Archives for wild fires

Last month iMGA committed to making a donation to the American Red Cross of Central Texas fire/disaster relief fund for policies issued during September that met certain criteria. Plus we committed to matching donations made by our agents to the same fund.

Thanks to the generosity and hard work of our great agents, we are happy to announce that we have made a donation of $1,750 to the American Red Cross of Central Texas.

Even better, we know our agents make a difference every day in their community – by being great citizens and providing the right coverage to their clients at competitive prices. We are honored to be associated with them.

We’d be happy to help you find an independent agent near you who represents iMGA.

If you’re an independent agent who would like to offer iMGA’s homeowners, dwelling, vacant, mobile home, umbrella and travel trailer products to your insureds, please complete this form.

As we are seeing all too clearly this Spring, wild fires are a very real risk for Texas Homeowners. More than 840 fires have consumed almost 1.5 million acres just this year (this and other facts to follow throughout this post are provided by the incredible team at the Texas Forest Service).

Fortunately, steps can be taken to prevent and/or limit losses. Property owners taking proactive actions combined with a coordinated state response have saved more than 5,600 structures. Unfortunately another 400 dwellings were not able to be saved, and lives were lost.

If your home is in any area affected by these wild fires, we strongly encourage you to educate yourself on the important steps you can take to protect yourself and your property.

There are many things you can do, but the Top 3 things to do to protect yourself and your property are:

  1. Prepare your property. Keep the area around your house clear of combustible materials, keep your lawn well mowed and shrubs and trees pruned and away from your home.
  2. Prepare your family. Develop and agree on an evacuation plan, including what you’ll do if you’re separated. Have medicines, important documents and irreplaceable memorabilia easily accessible and ready to go if needed.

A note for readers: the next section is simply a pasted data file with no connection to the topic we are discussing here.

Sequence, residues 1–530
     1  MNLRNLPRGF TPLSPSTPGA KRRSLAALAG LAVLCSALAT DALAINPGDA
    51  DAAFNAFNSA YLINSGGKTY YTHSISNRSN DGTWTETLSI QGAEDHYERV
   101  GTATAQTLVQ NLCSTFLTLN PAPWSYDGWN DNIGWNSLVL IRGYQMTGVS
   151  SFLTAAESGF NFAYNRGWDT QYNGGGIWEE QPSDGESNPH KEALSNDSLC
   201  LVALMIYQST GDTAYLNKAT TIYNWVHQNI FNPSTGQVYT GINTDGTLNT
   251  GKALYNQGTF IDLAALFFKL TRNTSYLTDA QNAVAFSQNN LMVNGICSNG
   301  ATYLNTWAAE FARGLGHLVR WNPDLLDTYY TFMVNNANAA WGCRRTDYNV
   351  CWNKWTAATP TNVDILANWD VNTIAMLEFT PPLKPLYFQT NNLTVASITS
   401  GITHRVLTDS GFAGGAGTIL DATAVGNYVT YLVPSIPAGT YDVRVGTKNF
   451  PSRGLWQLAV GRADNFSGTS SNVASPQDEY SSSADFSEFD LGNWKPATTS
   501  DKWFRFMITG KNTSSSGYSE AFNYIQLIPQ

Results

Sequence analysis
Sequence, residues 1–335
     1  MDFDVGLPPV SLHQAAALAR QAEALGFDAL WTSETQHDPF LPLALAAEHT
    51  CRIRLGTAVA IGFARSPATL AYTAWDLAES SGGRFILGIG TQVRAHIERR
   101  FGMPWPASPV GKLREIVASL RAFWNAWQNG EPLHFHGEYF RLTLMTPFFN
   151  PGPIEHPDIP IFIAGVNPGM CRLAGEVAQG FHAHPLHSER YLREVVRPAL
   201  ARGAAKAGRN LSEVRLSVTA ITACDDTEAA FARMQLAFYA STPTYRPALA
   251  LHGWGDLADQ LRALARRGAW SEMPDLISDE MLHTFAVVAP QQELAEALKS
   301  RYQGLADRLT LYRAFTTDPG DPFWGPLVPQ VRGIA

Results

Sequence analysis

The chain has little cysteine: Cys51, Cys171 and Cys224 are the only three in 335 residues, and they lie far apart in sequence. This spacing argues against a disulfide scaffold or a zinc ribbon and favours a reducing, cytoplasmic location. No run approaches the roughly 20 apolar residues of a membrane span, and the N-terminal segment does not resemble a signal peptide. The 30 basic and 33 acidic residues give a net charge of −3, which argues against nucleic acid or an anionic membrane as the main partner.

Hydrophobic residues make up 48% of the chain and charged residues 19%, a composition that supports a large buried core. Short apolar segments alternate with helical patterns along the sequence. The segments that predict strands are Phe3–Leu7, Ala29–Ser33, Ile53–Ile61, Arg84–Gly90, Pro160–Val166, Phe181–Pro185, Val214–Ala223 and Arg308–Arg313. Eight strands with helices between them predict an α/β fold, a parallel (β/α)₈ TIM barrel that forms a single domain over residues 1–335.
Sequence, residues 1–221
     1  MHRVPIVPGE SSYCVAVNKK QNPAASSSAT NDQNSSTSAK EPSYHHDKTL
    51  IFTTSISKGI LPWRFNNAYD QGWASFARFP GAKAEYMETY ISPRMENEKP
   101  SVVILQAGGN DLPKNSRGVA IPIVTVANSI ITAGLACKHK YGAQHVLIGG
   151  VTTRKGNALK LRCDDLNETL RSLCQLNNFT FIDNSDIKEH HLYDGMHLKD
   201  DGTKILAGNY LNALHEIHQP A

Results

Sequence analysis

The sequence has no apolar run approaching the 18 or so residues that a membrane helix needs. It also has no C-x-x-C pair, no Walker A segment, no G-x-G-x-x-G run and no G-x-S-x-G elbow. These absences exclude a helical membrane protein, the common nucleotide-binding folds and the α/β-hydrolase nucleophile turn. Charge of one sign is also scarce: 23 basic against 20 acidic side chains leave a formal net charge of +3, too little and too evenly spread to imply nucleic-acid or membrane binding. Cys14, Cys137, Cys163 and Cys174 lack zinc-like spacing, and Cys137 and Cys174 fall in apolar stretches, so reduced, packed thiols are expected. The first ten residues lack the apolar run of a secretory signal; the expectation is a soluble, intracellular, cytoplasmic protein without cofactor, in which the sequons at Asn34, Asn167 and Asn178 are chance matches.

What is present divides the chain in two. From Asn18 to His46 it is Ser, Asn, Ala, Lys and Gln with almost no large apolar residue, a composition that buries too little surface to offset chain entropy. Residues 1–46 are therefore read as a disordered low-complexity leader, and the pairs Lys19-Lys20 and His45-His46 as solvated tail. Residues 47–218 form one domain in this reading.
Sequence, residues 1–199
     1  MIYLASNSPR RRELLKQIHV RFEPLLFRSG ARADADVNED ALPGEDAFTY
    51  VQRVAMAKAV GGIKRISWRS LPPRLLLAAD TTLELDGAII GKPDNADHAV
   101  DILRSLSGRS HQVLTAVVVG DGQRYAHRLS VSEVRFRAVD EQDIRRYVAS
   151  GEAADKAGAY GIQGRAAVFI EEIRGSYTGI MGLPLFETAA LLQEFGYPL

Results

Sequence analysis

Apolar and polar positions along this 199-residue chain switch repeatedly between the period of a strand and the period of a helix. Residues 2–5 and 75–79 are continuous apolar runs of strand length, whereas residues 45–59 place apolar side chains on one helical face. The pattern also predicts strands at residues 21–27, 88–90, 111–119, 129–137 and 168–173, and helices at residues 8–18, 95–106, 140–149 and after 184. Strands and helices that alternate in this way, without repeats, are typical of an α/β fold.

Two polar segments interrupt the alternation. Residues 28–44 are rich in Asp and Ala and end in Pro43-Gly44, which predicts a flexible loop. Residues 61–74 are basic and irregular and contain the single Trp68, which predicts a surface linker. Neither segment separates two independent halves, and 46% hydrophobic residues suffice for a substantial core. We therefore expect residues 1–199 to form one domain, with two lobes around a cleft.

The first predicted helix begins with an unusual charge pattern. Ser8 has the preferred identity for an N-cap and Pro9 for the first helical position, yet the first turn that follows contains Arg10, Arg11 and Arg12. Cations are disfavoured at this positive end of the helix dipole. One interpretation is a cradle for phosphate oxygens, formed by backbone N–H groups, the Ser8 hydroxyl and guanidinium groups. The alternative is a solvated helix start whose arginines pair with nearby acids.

3. Leave when it’s time. None of your property is worth the loss of your life. Many wild fire related deaths come from last-minute evacuations. If ordered, leave – don’t delay!

Obviously this is only scratching the surface of what you should know if you’re in an affected area. Use the resources available from the Texas Forest Service, Firewise and the American Red Cross, among others.

And to all the brave firefighters working to save people’s lives and property across Texas – you have our sincere gratitude.

Taking a few important steps can make a huge difference in the threat a wild fire poses to your home.

House Fire With Firefighters

Photo courtesy of Flickr user Ada Be

  1. All combustibles such as firewood, wooden picnic tables, boats and stacked lumber should be kept away from structures.
  2. Clear roof surfaces and gutters regularly to avoid build-up of flammable materials such as leaves and other debris.
  3. Remove branches from trees to a height of 15 feet or more.
  4. LPG tanks should be far enough away from buildings for valves to be shut off in case of fire. Keep area around the tank clear of flammable vegetation.
  5. Store gasoline in an approved safety can away from occupied buildings.
  6. In rural areas, clear a fuel break of at least three times the fuel length around all structures.
  7. Have fire tools handy such as: ladder long enough to reach your roof, shovel, rake and a bucket or two for water.
  8. Place connected garden hoses at all sides of your home for emergency use.

(Source: Texas Forest Service)

Of course nothing is as important as protecting yourself and your family.

Make sure you know the emergency exits from your home and your neighborhood and use them if you are ordered by officials, at all concerned, or in any way threatened by fire.

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